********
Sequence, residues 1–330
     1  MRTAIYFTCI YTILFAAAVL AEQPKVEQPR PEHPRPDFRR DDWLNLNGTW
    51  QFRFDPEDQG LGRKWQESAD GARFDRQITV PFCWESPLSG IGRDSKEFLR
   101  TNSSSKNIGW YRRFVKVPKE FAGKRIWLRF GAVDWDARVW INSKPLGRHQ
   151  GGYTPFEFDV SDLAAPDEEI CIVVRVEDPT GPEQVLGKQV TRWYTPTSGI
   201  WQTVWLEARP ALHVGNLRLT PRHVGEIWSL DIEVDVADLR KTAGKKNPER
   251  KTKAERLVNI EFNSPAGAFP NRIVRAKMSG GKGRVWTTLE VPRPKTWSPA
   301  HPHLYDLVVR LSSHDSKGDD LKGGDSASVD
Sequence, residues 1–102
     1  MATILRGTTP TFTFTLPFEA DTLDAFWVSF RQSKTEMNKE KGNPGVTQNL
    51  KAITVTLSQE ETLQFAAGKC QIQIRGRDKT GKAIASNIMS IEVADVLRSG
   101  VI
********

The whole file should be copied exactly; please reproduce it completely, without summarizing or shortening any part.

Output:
Sequence, residues 1–330
     1  MRTAIYFTCI YTILFAAAVL AEQPKVEQPR PEHPRPDFRR DDWLNLNGTW
    51  QFRFDPEDQG LGRKWQESAD GARFDRQITV PFCWESPLSG IGRDSKEFLR
   101  TNSSSKNIGW YRRFVKVPKE FAGKRIWLRF GAVDWDARVW INSKPLGRHQ
   151  GGYTPFEFDV SDLAAPDEEI CIVVRVEDPT GPEQVLGKQV TRWYTPTSGI
   201  WQTVWLEARP ALHVGNLRLT PRHVGEIWSL DIEVDVADLR KTAGKKNPER
   251  KTKAERLVNI EFNSPAGAFP NRIVRAKMSG GKGRVWTTLE VPRPKTWSPA
   301  HPHLYDLVVR LSSHDSKGDD LKGGDSASVD
Sequence, residues 1–102
     1  MATILRGTTP TFTFTLPFEA DTLDAFWVSF RQSKTEMNKE KGNPGVTQNL
    51  KAITVTLSQE ETLQFAAGKC QIQIRGRDKT GKAIASNIMS IEVADVLRSG
   101  VI